No young woman in Toronto – no young woman anywhere – should ever feel any of this.

The Youth Alliance is a group of five young women leaders in Toronto who came together to address policing, sexual assault, and gender-based violence against youth. The group was supported by the Toronto Police Service’s Sex Crimes Unit to review police policies and procedures from a youth perspective. The Youth Alliance also engaged in community-based research.

The end result is the Improving the System: Police Policy and Practice on Sexual Assault against Young Women, a report developed with support from METRAC (The Metropolitan Action Committee on Violence Against Women and Children).

The report identifies strengths, challenges, and gaps in Toronto Police Service policies and procedures and proposes recommendations in five key areas of concern:

  • policy and procedures
  • youth leadership
  • training
  • communications
  • accountability

As adults, even when we have a vague understanding of our rights, the workings of the justice system, and the people in place to support and protect us, we struggle. We struggle with the trauma of having to re-tell our stories of sexual abuse and other sexual violence to multiple sources to get them to see us as credible people who have survived and deserve the benefit of justice. We struggle to understand the existing policies and practices that re-victimize rather than protect us.

Young women should never experience these struggles.

One Toronto Police Service officer who participated in the development of the report stated, “Public and/or victim feedback is the best feedback the service can receive” (Youth Alliance Report, p.13).

It is important for everyone this report reaches to read the report and give feedback.

If you have concerns about what is detailed in the Youth Alliance Report contact Toronto Police Service:

Phone: 416-808-8000
Email: William.Blair@torontopolice.on.ca
Mail: Chief William Blair, Office of the Chief of Police, Toronto Police Service, 40 College Street, Toronto, Ontario M5G 2J3

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Penn State’s Biggest Failure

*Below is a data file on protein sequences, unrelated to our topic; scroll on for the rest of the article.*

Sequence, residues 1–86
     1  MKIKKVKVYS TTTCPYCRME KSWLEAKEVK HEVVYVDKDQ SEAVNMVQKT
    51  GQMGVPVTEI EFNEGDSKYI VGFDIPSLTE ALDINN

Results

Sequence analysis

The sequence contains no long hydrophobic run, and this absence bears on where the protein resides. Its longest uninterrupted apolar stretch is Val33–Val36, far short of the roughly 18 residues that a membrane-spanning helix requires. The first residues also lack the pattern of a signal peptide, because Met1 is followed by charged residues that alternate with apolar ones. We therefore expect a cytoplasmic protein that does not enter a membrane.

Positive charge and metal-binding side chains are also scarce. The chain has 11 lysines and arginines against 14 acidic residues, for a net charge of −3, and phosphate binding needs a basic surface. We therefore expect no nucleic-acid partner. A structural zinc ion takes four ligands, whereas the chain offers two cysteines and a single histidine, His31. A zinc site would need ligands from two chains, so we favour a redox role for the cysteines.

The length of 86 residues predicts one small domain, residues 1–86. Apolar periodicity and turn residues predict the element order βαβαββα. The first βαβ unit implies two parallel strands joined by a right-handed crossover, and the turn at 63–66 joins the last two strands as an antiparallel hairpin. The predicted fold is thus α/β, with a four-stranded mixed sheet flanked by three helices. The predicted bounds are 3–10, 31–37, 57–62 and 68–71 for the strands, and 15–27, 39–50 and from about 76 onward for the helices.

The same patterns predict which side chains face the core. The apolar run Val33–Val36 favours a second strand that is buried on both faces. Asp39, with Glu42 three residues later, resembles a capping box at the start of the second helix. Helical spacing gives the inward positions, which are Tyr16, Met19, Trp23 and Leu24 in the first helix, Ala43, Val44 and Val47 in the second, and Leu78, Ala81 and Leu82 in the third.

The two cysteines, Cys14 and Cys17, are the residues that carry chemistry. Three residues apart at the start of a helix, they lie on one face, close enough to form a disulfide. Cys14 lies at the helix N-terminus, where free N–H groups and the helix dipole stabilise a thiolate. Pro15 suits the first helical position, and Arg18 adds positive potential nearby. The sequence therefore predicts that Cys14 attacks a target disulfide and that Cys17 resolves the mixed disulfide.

This past week we watched – with horror – as individuals attempted to use their positions of power and fame to broker deals to save their careers and reputations amidst the ruins of the lives of little boys. The sexual abuse of nine little boys was cited as the root of a scandal that has toppled the sterling reputation of Penn State in the happy valley of University Park, Pennsylvania.

We learned that for nearly a decade senior staff and university administrators at Penn State knowingly turned a blind eye to the sexual abuse of children in their athletic facilities. After receiving an eyewitness report of an attack on a 10-year-old boy, no one notified the police. Instead, the known offender was allowed to continue to run an organization that gave him unlimited access to children who became his victims.

No action was taken until 2009 when one of the victims disclosed the abuse and filed a report with police. The courage of this child led the Pennsylvania Attorney General to launch an investigation that uncovered more victims and placed a spotlight on the adults that failed to protect them – the adults that failed in their duty to report the known and suspected sexual abuse of children to the authorities.

An equally tragic aspect of this scandal has been the rallying and rioting of Penn State students in support of their “heroes”. A group of men who – through inactivity and agreed upon silence – collaborated in a cover up and enabled brutal violence against children. These students are worried about the lucrative careers that have ended in disgrace instead of the lifetime of healing ahead for each abused child. They have failed to recognize the terror these children experienced at the hands of a predator because people who had the power to keep them safe chose to stay silent.